Eastern Europe Dissent
Among the 96 dead there were some dissidents who were prominent figures of Solidarnosc and fought against totalitarianism, for freedom and democracy in the Country. Their biographies will soon be published on Gariwo.
After the Second World War Czechoslovakia, like the rest of
Soviet-occupied eastern Europe, came under Moscow’s heel. The ruling
communist party brutally stifled all forms of dissent and repressed
religious organizations, industrial strikes and farmers’ protests.
Special on the 20th anniversary of the end of Communism including historical overviews of each country, exemplary figures of moral resistance, testimonies, articles, and chronology.
A look at Bulgaria's road to freedom from the USSR. Bulgaria did not have any formal resistance movements, but was inspired by the movements and protests of other Soviet controlled countries.
On 16th January 1969, the 21-year old Czech youth Jan Palach turned into a human torch to protest against the Soviet military occupation and bloody repression of the Prague Spring.
On the fourtieth anniversary of his sacrifice for freedom and democracy we remember him with words from his spiritual will.
Eastern Europe dissent
the truth against the lies of totalitarianism
The so called dissent in Eastern European communist regimes cannot be downplayed to a simple connotation of "opposition" as its definition would suggest, but must be viewed above all as the attempt to build a parallel polis based on every citizen's responsibility and aimed at occupying the spaces of cultural, social and human freedom wrought from the totalitarian regime into the social fabric.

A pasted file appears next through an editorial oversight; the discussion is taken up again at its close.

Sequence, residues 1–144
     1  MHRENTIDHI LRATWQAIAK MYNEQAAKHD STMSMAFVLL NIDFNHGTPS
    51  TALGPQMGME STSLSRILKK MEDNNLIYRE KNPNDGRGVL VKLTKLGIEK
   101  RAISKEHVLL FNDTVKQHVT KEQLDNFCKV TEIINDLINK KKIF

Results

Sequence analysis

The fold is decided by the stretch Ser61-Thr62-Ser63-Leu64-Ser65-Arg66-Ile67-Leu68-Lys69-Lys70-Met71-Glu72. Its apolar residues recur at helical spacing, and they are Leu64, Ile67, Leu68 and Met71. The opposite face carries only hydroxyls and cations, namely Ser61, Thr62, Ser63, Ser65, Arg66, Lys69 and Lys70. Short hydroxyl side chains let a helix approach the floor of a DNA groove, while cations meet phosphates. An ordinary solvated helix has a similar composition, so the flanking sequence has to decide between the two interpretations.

The members of Charter 77 in Czechoslovakya and Solidarnosc in Poland, like Vaclav Havel, Radim
Palous, Jacek Kuron, Adam Michnik, have always underlined that "the power of the powerless" consists in defeating fear through the strength created by coilectively assuming one's responsibilities, as proven by the exhortation to "live the truth" in a society based on lie. Their "dissent" has very often consisted in calling for the enforcement of the laws, such as the one about freedom of conscience, and the international accords subscribed by their countries, such as the Helsinki Accords.
These stances have given rise to a broad movement which was able to condition the behaviour and mentality of the public opinion, up to the point in which - except in Romania - the totalitarian system was overturned in a peaceful way, without shedding blood, by a new leading class recognized by the majority of the population which is ready to take up the responsibility for public affairs.